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Album Review

Since the departure of founding guitarist Jimmie Vaughan in the early '90s, Texas blues-rock icons the Fabulous Thunderbirds have largely been the showcase for lead vocalist/harmonica man Kim Wilson. However, with the conscription of time-traveling blues pimp powerhouse guitarist/vocalist Nick Curran, Wilson has finally put together an ensemble truly worthy of the Fabulous Thunderbirds moniker. Curran, a former rockabilly wunderkind with retro-vamp Kim Lenz and avowed Vaughan acolyte — the former Thunderbird even made a torch-passing appearance on Curran's 2003 Blind Pig release Doctor Velvet — has of late been a party to his own authentic brand of jump blues, '50s rockin' swing, and garage rock iconoclasm. Ironically, while promoting his 2004 Blind Pig blues nugget Player!, Curran parted ways with his longtime rhythm section including ex-Fabulous Thunderbird bassist Preston Hubbard only to then join up with Wilson. As a fan, one could only be left perplexed at Curran's hasty move, but also curious as to what this would do to the sound of the Thunderbirds. The answer is Painted On, the fifth Thunderbirds album since Vaughan left and the one to come the closest to recapturing the original lineup's fire and bravado. Centered around the gritty, distorted garage rock vibe of the title track, the album is a mix of classic Thunderbirds touchstones including catchy Tex-Mex rockabilly-style numbers like "Two-Time Fool," danceably funky New Orleans R&B workouts including Earl King's "Feeling My Way Around," and of course volcanic blues-rock brought full tilt via such originals as "Got to Get Out" and the gut-pounding "Rock Candy." Fans of Curran will be glad to find that, more than just a hired gun, he gets to grab the spotlight with his own shuffle blues "You Torture Me." However, it is not just Curran who adds life to the album. On the contrary, longtime Thunderbirds pianist "Uncle" Gene Taylor, bumptastic bassist Ronnie James Weber, and Portland percussion dynamo drummer Jimi Bott bring a seriously groovy rhythm section vibe to the album. Then you have guitarist Kirk Eli Fletcher, who matches Curran note bend for bend as one of the most low-down blues slingers of his generation. Throw in a guest vocal spot from Detroit Cobras vocalist Rachel Nagy, who pairs up with Wilson for the Wilson Pickett-worthy "Love Speaks Louder Than Words," and you don't just have the best Fabulous Thunderbirds album in years, but also one of the best blues albums of the year.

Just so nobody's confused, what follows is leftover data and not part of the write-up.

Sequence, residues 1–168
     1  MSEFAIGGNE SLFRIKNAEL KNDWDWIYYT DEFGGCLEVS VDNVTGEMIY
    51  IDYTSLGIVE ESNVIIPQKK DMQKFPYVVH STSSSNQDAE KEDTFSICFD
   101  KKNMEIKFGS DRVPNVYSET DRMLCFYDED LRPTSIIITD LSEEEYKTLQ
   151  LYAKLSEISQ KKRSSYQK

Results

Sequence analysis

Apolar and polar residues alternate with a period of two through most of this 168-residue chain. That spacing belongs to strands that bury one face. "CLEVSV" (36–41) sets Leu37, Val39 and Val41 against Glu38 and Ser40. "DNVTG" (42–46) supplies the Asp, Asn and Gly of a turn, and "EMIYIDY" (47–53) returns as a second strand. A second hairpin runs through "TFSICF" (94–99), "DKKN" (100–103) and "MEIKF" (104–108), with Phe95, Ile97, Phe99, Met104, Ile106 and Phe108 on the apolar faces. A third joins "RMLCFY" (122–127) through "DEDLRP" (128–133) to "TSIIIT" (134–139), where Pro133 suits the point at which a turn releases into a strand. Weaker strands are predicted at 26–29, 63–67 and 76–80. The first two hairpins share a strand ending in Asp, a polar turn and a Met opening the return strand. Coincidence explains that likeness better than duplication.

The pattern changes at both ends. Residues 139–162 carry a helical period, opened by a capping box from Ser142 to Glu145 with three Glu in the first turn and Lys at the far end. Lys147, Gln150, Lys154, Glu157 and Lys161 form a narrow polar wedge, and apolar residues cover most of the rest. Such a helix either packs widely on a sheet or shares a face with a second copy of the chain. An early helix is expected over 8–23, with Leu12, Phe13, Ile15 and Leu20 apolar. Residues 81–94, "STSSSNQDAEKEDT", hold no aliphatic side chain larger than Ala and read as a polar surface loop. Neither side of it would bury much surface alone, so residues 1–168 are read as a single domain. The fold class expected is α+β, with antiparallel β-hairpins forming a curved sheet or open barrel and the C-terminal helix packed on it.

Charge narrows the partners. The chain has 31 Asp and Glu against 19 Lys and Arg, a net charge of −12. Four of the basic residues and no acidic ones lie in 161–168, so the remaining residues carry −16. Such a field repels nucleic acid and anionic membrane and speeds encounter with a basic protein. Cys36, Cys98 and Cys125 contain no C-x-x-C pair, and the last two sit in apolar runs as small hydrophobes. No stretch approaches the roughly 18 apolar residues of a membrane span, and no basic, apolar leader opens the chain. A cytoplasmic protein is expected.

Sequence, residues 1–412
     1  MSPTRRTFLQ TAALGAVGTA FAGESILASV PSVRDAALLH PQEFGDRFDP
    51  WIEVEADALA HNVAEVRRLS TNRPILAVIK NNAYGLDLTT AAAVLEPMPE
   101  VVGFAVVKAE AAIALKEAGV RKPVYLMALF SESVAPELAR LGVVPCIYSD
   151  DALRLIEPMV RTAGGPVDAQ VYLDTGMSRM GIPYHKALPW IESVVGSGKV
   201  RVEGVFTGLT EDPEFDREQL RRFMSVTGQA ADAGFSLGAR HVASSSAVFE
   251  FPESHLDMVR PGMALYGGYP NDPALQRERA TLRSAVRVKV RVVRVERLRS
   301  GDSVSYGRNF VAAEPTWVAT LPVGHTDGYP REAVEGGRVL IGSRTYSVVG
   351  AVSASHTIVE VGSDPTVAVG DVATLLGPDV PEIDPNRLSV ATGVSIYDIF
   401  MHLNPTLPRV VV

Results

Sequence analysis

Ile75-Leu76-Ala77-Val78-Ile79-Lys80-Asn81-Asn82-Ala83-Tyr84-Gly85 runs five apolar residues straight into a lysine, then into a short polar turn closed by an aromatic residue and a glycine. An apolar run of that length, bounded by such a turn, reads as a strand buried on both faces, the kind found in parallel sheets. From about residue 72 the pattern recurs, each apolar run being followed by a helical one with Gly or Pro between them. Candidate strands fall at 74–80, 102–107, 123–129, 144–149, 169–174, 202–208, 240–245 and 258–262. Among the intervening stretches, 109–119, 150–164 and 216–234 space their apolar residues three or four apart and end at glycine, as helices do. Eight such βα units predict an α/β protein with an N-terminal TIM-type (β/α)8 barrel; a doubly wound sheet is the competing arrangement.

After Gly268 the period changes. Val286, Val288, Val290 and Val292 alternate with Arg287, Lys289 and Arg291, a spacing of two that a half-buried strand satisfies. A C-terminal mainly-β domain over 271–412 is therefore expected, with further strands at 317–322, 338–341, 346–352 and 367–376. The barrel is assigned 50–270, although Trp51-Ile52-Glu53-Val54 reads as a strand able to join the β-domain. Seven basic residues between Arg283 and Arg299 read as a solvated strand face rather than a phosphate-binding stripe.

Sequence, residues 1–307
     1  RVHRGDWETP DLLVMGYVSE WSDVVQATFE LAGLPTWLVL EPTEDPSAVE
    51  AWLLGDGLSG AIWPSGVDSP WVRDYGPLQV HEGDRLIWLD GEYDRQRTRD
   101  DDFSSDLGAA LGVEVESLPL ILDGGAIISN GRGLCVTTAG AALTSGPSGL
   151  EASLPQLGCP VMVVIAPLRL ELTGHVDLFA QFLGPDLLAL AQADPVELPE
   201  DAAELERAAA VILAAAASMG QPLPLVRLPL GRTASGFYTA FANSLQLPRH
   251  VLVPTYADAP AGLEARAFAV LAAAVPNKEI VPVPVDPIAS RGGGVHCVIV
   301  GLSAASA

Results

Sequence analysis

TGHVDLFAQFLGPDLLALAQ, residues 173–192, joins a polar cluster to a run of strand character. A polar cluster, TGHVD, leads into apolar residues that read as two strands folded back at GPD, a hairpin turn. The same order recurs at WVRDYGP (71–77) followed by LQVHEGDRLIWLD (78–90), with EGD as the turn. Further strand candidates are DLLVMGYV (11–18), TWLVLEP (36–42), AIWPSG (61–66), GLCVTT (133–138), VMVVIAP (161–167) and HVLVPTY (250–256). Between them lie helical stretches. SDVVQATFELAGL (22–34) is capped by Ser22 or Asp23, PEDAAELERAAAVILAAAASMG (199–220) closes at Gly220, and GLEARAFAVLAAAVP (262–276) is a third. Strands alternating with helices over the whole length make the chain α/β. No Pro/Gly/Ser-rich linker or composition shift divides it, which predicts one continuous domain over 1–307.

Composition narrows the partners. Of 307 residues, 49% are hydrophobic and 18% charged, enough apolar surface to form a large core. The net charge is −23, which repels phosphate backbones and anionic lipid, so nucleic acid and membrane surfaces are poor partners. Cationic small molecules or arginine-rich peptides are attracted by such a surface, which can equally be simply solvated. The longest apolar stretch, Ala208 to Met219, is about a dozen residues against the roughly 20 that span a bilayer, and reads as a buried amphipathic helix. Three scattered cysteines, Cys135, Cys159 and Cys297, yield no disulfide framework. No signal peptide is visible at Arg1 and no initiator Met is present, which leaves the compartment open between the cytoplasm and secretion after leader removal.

Biography

Formed: 1974 in Austin, TX

Genre: Rock

Years Active: '70s, '80s, '90s, '00s, '10s

With their fusion of blues, rock & roll, and R&B, the Fabulous Thunderbirds helped popularize roadhouse Texas blues with a mass audience in the '80s and, in the process, they helped kick-start a blues revival during the mid-'80s. During their heyday in the early '80s, they were the most popular attraction on the blues bar circuit, which eventually led to a breakthrough to the pop audience in 1986 with their fifth album, Tuff Enuff. The mass success didn't last too long,...
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